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December 18, 1987     The Message
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December 18, 1987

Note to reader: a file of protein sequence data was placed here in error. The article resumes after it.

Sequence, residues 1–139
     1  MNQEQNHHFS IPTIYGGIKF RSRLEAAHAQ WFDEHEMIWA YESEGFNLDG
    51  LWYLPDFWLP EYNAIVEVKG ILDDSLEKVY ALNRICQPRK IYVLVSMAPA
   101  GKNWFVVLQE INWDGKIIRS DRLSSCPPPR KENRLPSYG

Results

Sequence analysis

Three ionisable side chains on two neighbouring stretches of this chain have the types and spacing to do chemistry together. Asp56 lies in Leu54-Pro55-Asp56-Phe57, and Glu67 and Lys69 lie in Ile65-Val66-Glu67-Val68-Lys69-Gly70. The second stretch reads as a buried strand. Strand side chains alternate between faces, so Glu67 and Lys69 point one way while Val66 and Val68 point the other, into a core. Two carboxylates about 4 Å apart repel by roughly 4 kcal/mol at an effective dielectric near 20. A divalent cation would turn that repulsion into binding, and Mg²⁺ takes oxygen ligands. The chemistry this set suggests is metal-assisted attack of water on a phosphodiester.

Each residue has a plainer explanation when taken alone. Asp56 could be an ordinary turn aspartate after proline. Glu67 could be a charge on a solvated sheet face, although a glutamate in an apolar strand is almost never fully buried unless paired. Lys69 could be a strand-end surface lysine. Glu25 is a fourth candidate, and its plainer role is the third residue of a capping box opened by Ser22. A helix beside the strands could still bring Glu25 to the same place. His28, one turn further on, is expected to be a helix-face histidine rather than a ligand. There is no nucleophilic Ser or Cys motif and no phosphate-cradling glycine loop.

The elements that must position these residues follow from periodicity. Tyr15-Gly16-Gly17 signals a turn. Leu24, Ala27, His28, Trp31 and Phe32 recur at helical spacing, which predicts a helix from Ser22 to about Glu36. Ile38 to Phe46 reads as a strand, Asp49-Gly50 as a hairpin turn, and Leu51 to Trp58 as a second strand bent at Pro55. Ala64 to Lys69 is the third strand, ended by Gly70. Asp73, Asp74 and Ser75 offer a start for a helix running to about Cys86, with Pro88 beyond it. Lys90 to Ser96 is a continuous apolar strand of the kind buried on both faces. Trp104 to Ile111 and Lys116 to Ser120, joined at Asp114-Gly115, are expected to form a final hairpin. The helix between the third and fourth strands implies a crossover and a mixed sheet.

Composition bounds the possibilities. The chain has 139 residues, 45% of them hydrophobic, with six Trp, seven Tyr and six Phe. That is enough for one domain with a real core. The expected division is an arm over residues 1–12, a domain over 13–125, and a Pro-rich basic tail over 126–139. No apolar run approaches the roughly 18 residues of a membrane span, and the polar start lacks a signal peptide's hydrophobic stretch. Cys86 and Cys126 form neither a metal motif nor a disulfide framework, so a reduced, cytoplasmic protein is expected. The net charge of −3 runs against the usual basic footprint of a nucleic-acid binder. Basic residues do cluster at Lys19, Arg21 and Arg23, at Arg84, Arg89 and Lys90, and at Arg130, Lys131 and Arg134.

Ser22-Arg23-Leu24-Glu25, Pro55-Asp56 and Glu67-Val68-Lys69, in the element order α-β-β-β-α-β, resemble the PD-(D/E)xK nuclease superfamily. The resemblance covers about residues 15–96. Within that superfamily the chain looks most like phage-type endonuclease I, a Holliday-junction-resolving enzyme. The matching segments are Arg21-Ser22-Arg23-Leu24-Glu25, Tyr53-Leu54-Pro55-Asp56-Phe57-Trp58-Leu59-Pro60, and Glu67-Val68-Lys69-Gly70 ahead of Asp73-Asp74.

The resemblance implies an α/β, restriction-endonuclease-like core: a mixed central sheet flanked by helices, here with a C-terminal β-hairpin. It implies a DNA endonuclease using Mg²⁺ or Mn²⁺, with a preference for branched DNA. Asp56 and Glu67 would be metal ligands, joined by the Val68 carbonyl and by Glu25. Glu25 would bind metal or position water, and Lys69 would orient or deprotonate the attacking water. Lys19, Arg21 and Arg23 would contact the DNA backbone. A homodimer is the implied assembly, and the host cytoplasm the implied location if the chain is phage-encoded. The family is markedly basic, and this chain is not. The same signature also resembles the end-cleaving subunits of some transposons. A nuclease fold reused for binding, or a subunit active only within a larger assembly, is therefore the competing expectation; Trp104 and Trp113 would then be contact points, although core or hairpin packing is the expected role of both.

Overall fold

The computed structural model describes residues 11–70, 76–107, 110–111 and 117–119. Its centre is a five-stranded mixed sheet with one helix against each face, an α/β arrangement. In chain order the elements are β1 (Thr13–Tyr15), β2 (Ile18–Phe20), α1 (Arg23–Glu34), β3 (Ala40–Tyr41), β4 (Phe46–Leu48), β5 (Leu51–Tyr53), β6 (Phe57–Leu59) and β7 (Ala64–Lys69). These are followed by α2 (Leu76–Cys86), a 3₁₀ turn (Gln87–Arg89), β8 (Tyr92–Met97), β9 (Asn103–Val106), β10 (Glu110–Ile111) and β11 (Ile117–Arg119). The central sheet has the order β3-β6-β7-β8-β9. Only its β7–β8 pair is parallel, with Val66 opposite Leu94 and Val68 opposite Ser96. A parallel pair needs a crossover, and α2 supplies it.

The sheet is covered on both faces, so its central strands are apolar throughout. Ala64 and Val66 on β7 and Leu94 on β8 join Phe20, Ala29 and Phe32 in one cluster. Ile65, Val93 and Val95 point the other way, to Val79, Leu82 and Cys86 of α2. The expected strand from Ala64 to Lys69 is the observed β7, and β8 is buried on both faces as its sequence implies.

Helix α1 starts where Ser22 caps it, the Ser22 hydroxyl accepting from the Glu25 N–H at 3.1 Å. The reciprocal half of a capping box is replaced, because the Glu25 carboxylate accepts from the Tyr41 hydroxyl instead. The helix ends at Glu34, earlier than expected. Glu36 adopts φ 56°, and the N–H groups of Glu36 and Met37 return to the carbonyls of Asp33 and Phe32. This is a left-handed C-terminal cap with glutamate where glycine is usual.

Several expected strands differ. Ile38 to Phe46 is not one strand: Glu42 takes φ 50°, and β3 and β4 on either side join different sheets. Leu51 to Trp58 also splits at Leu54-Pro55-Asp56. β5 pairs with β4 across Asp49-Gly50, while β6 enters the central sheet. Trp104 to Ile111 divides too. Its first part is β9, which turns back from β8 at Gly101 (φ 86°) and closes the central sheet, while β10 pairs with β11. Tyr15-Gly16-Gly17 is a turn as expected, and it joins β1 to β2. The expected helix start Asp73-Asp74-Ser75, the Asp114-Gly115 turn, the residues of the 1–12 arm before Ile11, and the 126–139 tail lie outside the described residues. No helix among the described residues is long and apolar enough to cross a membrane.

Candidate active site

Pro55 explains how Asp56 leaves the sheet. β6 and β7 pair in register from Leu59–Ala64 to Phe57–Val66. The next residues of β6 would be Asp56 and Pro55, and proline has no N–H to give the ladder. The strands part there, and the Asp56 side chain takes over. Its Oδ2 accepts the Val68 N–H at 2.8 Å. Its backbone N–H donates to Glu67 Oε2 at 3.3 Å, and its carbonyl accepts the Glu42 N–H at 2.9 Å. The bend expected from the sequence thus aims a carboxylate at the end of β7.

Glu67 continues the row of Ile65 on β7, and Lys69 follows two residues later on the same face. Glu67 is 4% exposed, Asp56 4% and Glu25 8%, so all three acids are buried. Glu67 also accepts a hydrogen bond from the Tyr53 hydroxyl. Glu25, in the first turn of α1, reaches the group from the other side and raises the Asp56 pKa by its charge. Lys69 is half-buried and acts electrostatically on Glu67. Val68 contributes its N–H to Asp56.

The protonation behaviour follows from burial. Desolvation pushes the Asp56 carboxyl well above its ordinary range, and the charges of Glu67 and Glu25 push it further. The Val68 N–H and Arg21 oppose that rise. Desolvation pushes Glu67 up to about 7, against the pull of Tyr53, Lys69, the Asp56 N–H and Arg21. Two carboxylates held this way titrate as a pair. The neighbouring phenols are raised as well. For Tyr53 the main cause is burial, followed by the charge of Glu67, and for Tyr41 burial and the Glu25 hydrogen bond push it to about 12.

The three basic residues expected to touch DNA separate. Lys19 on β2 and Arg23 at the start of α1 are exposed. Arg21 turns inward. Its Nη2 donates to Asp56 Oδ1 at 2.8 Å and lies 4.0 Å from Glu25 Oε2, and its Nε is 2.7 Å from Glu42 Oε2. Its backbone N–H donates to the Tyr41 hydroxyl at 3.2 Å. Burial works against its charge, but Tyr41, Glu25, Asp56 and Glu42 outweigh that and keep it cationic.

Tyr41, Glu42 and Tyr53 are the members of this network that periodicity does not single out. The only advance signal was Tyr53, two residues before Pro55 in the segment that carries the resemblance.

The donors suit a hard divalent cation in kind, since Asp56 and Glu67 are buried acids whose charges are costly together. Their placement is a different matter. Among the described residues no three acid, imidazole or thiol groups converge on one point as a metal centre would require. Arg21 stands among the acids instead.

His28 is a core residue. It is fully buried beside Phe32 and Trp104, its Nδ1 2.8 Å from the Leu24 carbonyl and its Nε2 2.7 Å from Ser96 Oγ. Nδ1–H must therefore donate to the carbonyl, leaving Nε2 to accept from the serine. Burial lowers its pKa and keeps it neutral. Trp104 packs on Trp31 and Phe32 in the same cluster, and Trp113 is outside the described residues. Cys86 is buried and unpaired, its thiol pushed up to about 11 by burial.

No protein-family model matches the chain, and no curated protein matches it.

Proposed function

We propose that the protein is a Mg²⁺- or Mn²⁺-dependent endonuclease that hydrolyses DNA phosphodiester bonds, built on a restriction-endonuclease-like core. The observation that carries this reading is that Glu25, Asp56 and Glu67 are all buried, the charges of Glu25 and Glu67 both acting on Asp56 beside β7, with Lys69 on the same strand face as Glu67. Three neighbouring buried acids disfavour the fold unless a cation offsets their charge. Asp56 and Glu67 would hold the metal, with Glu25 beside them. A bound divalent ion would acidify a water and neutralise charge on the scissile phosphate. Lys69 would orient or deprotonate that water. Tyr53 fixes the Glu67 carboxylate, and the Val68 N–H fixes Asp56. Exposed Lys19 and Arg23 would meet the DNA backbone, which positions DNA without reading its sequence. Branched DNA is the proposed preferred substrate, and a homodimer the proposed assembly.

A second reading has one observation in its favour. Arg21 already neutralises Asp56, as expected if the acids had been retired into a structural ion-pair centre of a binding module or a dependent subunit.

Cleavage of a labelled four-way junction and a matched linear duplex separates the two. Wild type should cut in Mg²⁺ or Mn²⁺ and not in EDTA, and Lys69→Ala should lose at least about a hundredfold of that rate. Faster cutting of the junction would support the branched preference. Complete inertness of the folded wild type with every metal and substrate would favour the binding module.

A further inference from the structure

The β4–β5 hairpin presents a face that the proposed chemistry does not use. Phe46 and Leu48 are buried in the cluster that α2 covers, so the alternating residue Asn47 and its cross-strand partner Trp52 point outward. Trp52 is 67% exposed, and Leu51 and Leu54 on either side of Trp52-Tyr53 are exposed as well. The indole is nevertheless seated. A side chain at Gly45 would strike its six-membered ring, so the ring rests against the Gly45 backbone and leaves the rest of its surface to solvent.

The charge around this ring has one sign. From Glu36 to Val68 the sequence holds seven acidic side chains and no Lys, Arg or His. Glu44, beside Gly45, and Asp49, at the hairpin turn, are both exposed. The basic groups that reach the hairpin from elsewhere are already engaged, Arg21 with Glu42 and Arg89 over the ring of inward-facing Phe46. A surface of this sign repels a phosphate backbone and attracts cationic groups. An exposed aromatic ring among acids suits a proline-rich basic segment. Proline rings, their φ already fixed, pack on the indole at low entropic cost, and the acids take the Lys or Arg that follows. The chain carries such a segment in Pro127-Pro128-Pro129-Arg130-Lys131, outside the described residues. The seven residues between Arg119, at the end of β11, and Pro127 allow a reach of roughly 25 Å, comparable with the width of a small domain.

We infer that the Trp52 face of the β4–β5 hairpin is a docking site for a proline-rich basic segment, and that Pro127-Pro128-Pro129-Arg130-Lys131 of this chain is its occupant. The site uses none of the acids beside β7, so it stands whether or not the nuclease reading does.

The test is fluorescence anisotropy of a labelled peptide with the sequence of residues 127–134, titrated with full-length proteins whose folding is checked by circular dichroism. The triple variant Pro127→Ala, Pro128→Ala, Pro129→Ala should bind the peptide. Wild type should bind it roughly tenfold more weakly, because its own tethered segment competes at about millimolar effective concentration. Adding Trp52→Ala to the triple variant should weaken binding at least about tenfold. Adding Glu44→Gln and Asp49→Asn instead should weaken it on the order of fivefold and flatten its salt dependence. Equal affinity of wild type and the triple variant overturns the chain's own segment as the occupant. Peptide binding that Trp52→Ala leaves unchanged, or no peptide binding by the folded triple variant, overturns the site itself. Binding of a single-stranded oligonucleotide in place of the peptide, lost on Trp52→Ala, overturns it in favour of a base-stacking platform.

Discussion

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L CATHOLIC DIOCESE OF EVANSVILLE VOLUME 18 NUMBER 16 DECEMBER 18, 1987 I1! I I I dazzin' at the zoo Saxophonists Mike Denner and Karen Ashworth, members of the Mater Dei Jazz Ensemble, performed at Evansville's Mesker Park Zoo during "Christmas at the Zoo" last weekend. This is the first year the high school has organized a jazz band, according to director Jerry Grannan. Other members of the group include Don Lamkin, Ellen Alsop, Debbie Kirsch, Joe Smith, Tim Tenhumberg, Katie Cavera, Brian Wannemuehler, Gary Burdette, Angle Kirsch, Dana Master- . son, Sara Kirsch, Ron Hailer and Daryl Nurrenbern. -- Message Photo by Mary T. Ellert INF treaty and the pastoral By LIZ SCHEVTCHUK NC News Service WASHINGTON (NC) -- In 1983, seeking an end to the nuclear arms race, the American hierarchy recommended progress in "negotiated bilateral deep cuts in the arsenals of both super- powers. ' ' On Dec. 8, maybe the world got it. The new U.S.-Soviet intermediate- range nuclear force, or INF, treaty sign- ed that day by President Reagan and Soviet General Secretary Mikhail S. Gorbachev for the ,first time ever specifies aholition of more than 2,200 short-and medium-range nuclear missiles. More work remains -- on reductions in the number of long-range, strategic nuclear weapons, for example. Yet Reagan and Gorbachev -- and" other officials -- described the INF trea- ty as an important initial step on the road to peace. So did Catholic leaders instrumental in drafting the bishops' 1983 war and peace pastoral, "The Challenge of Peace: God's Promise and Our Response." Cardinal Joseph L. Bernardin of Chicago, who chaired the committee that drafted the peace pastoral, noted that the treaty "appears to be a step toward arms control" and described it Dec. 11 as "a very positive breakthrough." See 1NF page 4 Not enough income Documents show Vatican budget does not cover expenses "9 By AGOSTINO BONe NC News Service VATICAN CITY (NC) -- The Vatican, far from being fabulously wealthy, has a budget half that of some U.N. agencies and is not generating enough income to meet its annual expenses, confidential documents show. Furthermore, the documents show the Vatican is steadily depleting its assets by dipping into investment capital to make up the difference be- tween income and expenses -- a prac- tice contrary to sound financial nagement -- which could lead to ure financial difficulties. The documents, which include budget summaries for 1985 and other financial information, show the Vatican at the end of 1985 had assets of $485 million and liabilities of $261 million for a total net worth of $224 million. The assets do not include artistic, ar- cheological and historical holdings, which include some of the world's most famous works and which the Vatican says it Will not sell. Nor do the figures include the assets of the controversial Vatican bank, which is financially independent. The documents show that in 1985 the Vatican took $2.2 million out of its in- vestment capital to help make up a shortfall of $39.1 million in its operating budget of $124.7 million. Two-thirds of that budget -- $83.7 million -- went to the work of the Holy See, the central offices serving the church and church interests around the world. The other third -- $41.1 million -- was in the separately administered civil budget of Vatican City State, a 108-acre enclave surrounded by the city of Rome. A CLEAR UNDERSTANDING of the scope of the figures is not easy to reach On the insid00 ,% Bicentennial Competition Memorial High School places second. Story and photos on page 3. St. Vincent de Paul, Highland -- Feature parish on pages 8-9. Voice of a missionary Guest columnist on page 11. because of the unique nature of the work of the Vatican, but for the sake of understanding the figures, here are some comparisons. -- The net worth figure is slightly over half as much ($400 million) as the University of Notre Dame has in its en- dowmefit fund alone. -- The combined $124.7 million spent for Vatican operations was some $24 million less than the U.N. Fund for Population Activities spent in 1985 and almost identical to the amount of U.S. military aid to E1 Salvador in 1986. -- The government of the 443-acre principality of Monaco spent $222 million in 1983. The remainder of the money to cover the Vatican's 1985 shortfall came primarily from Peter's Pence, a collec- tion taken up around the world and sent to the pope for use at his discretion. Peter's Pence totaled $28.5 million. Other donations used for the budget shortfall totaled $8.4 million. By 1986 the Peter's Pence collection grew to $32 million, yet it covered a smaller portion of the budget shortfall than it had in 1985 because total spend- ng had increased more rapidly than the collection had grown. For 1987 the budget shortfall is ex- pected to be $59 million. All the defi@s are on the Holy See's ledgers. The city state has a balanced budget. The confidential documents show that the Vatican is reaching the practical limit of dipping into its invested funds to cover threatened deficits. One reserve taken from those funds in the past to cover shortfalls is now "completely exhausted." The wisdom of establishing another from the same source is questionable. There was no indication in the documents to support contentions that Vatican reserves had been drained by the payment in 1984 of $240 million in the Banco Ambrosiano case. While that point was not directly addressed in the documents, they did state that the finances of the Vatican bank -- on whose behalf the payment was made to Ambrosiano creditors -- had no con- nection with the finances of the Vatican City State and the Holy See. In March 1985, the Vatican said the $240 million did not come from Holy See funds. CONCERN OVER Vatican finances has become so great that the Vatican is urgently turning to bishops, religious orders and others for financial help. The 1985 budget figures contained in the confidential documents show an- nual expenses with very little apparent fat to cut and a total modest by com- parison with other organizations. The $124.7 million that the Vatican spent in 1985 to govern its city state and provide central services for a culturally and ethnically diverse worldwide church of 866 million people is only two-thirds as much as the University of Notre Dame operating budget, $189.5 million, in the 1987-88 fiscal year. Some specialized agencies of the United Nations, such as UNESCO and the Food and Agricultural Organiza- tion, have yearly budgets about double See NOT ENOUGH page 14